# Symmetrization¶

In this short tutorial, we introduce the use of the symmetrization feature in TBmodels. The theoretical background for this feature is described in this paper (arxiv version). The example we describe here is to symmetrize a model of diamond silicon. The initial model, and code for this example, can also be found in the TBmodels source on GitHub.

We start by loading the initial model:

```
In [1]: import tbmodels
```

The model is located in the `examples`

directory of the TBmodels source. You will have to change the following part to point to your examples directory:

```
In [2]: import os
...: import pathlib
...: EXAMPLES_DIR = pathlib.Path('../examples')
...:
```

```
In [3]: model_nosym = tbmodels.io.load(
...: EXAMPLES_DIR / 'symmetrization' / 'nonsymmorphic_Si' / 'data' / 'model_nosym.hdf5'
...: )
...:
```

## Setting up orbitals¶

The most difficult step in using the symmetrization feature is setting up the symmetry operations. These need to be in the format of the `symmetry_representation`

module, which is also part of the Z2Pack ecosystem.

Starting with the 0.2 release, `symmetry-representation`

contains some handy helper functions which allow us to construct the symmetry operations automatically by specifying the orbitals which constitute the tight-binding model. Thus, the first step to obtain the symmetry operations is to define the orbitals.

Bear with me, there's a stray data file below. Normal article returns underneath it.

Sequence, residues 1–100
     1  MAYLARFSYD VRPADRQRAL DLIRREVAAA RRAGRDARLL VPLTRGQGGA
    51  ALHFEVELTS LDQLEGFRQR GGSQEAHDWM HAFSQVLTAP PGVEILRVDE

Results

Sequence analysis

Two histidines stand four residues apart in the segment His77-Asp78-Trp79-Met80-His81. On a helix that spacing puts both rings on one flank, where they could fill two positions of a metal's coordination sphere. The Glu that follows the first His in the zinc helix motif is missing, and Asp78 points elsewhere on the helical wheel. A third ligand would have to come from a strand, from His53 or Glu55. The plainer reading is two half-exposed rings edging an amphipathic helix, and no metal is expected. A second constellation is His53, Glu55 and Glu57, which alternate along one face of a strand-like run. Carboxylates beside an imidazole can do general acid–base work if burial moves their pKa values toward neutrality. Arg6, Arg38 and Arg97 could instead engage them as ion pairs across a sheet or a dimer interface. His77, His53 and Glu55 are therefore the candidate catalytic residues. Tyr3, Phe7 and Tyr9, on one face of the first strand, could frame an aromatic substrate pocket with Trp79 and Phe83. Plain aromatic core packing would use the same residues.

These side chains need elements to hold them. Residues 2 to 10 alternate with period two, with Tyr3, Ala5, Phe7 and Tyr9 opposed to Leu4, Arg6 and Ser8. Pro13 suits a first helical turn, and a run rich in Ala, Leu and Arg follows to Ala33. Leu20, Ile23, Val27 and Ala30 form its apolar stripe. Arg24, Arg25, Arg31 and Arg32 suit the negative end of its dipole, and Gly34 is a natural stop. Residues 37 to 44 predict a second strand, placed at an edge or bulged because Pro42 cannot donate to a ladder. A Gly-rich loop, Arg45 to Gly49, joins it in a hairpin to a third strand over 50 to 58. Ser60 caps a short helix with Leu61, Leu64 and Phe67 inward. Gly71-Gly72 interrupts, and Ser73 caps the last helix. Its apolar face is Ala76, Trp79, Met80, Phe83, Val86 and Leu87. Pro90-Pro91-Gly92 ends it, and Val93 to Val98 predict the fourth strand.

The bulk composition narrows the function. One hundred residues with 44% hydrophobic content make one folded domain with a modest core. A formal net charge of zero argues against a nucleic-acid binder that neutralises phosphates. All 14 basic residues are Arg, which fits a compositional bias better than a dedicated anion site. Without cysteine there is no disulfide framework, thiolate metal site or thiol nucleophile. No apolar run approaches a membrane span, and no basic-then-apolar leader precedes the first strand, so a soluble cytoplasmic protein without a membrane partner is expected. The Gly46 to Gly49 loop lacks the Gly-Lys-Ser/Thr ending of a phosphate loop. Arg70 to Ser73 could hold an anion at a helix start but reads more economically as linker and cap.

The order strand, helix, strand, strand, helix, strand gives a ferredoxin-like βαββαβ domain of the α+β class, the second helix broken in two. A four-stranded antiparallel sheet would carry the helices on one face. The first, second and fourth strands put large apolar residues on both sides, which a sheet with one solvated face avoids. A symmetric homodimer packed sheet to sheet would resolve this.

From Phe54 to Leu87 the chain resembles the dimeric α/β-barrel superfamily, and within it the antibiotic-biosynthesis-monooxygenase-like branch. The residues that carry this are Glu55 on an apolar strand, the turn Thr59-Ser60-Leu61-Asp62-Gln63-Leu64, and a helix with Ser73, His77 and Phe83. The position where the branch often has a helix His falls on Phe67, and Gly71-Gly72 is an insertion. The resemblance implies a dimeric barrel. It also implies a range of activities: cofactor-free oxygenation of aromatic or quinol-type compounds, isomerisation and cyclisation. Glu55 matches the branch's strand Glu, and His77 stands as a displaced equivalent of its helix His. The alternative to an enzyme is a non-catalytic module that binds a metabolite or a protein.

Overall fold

We can see that our initial model has two positions, which we store in the `coords`

variable:

```
In [4]: model_nosym.pos
Out[4]:
array([[0.5 , 0.5 , 0.5 ],
[0.5 , 0.5 , 0.5 ],
[0.5 , 0.5 , 0.5 ],
[0.5 , 0.5 , 0.5 ],
[0.75, 0.75, 0.75],
[0.75, 0.75, 0.75],
[0.75, 0.75, 0.75],
[0.75, 0.75, 0.75],
[0.5 , 0.5 , 0.5 ],
[0.5 , 0.5 , 0.5 ],
[0.5 , 0.5 , 0.5 ],
[0.5 , 0.5 , 0.5 ],
[0.75, 0.75, 0.75],
[0.75, 0.75, 0.75],
[0.75, 0.75, 0.75],
[0.75, 0.75, 0.75]])
In [5]: coords = ((0.5, 0.5, 0.5), (0.75, 0.75, 0.75))
```

Since the initial model was calculated with Wannier90 and `sp3`

projections, we know that the orbitals are ordered as follows:

spin up

first coordinate \((0.5, 0.5, 0.5)\)

\(sp^3\) orbitals

second coordinate \((0.75, 0.75, 0.75)\)

\(sp^3\) orbitals

spin down

first coordinate \((0.5, 0.5, 0.5)\)

\(sp^3\) orbitals

second coordinate \((0.75, 0.75, 0.75)\)

\(sp^3\) orbitals

Consequently, we construct a list of `symmetry_representation.Orbital`

orbitals in this order:

```
In [6]: import symmetry_representation as sr
In [7]: orbitals = []
In [8]: for spin in (sr.SPIN_UP, sr.SPIN_DOWN):
...: for pos in coords:
...: for fct in sr.WANNIER_ORBITALS['sp3']:
...: orbitals.append(sr.Orbital(
...: position=pos,
...: function_string=fct,
...: spin=spin
...: ))
...:
```

Here we used constants defined by `symmetry_representation`

to specify the spin up / down components, and the \(sp^3\) orbitals in the order produced by Wannier90.

```
In [9]: sr.SPIN_UP, sr.SPIN_DOWN
Out[9]:
(Spin(total=Fraction(1, 2), z_component=Fraction(1, 2)),
Spin(total=Fraction(1, 2), z_component=Fraction(-1, 2)))
In [10]: sr.WANNIER_ORBITALS['sp3']
Out[10]: ['1 + x + y + z', '1 + x - y - z', '1 - x + y - z', '1 - x - y + z']
```

The `function_string`

argument is a string which describes the orbital in terms of the cartesian coordinates `x`

, `y`